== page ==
Mar 9, 2023 - Politics

Boosting AZ college enrollment could mean billions in economic impact

Data: Helios Education Foundation and Education Forward Arizona; Chart: Axios Visuals

Increasing college attendance in Arizona would generate billions of dollars for the state economy, in addition to improving individual earning potential, per a new report from Helios Education Foundation and Education Forward Arizona.

State of play: Metro Phoenix education and business leaders are pushing back against a growing narrative that "college isn't for everyone," by highlighting the financial and social gains that come with higher education.

  • Nationally, college enrollment declined about 8% between 2019 and 2022.
  • Arizona's four-year universities bucked that trend and increased enrollment, but our two-year programs saw about a 4% decline.

What's happening: City University of New York economics professor Clive Belfield, who authored the new report, said a growing number of students across the country are skeptical about continuing their education because of concerns about the cost and value in today's wobbly economy.

  • Yes, but: "Study after study" — including the one released Wednesday — disproves these concerns, he said.

Why it matters: Skilled workers are critical to ensuring Phoenix's continued economic growth, particularly in key industries like advanced manufacturing and health care.

What they're saying: "A more educated workforce leads certainly to more total income and more earnings. [There's] a definitive tie to more quality jobs, which leads to more economic diversity, and finally more socioeconomic balance and a healthier society," Greater Phoenix Economic Council president and CEO Chris Camacho said at a media event Wednesday.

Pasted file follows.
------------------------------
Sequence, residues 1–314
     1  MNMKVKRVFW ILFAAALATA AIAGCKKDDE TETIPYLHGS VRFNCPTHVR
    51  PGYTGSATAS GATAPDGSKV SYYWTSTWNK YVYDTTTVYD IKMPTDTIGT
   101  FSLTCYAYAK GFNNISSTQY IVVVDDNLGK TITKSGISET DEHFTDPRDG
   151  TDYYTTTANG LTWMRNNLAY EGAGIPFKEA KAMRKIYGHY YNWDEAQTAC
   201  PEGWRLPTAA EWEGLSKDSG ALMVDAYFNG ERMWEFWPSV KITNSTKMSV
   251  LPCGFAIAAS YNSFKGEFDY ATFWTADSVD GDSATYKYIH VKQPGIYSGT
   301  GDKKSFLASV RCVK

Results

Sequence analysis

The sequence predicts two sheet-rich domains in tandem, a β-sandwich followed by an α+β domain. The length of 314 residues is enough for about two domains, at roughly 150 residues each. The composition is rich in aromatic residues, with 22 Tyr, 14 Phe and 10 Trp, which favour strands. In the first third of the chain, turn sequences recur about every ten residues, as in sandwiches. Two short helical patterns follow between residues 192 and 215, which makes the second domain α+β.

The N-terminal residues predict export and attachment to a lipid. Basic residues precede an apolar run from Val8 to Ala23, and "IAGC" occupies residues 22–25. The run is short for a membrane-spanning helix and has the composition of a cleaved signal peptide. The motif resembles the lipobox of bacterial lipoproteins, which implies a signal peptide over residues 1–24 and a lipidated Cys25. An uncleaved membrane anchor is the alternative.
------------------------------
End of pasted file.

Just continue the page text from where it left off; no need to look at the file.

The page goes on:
What they found: Researchers determined college attendance produces significant benefits in three categories: individual income potential, increased state and local tax revenue and social impact.

  • The average Arizonan with an associate's degree will make $287,000 more over their lifetime than someone with only a high school diploma. That increases to $852,000 for bachelor's degree holders.
  • A 20% increase in college enrollment would generate more than $5 billion per graduating class in lifetime social gains like increased work productivity and better health outcomes.
  • It would also result in a $1.8 billion tax revenue boost — the equivalent of about 15% of the state's 2022 general fund budget.

The intrigue: The research also found that if non-white students completed college at the same rate as white students in Arizona, the state would see a tax revenue increase of $3.3 billion and social gains of $8.7 billion

Flashback: In September 2016, Arizona launched Achieve60AZ to get 60% of adults ages 25-64 to hold a postsecondary degree or certificate by 2030.

  • As of this year, the state is up to 48%, from 42% in 2016.

What's next: Helios president and CEO Paul Luna said to reach the 2030 goal and reap the financial benefits that come with it, the state needs to:

  • Increase dual-enrollment options at the high school level so students can start working toward degrees sooner and at a lower cost.
  • Prioritize college readiness as early as elementary school.
  • Work to bring down the cost of a college education and provide financial assistance to low-income Arizonans.

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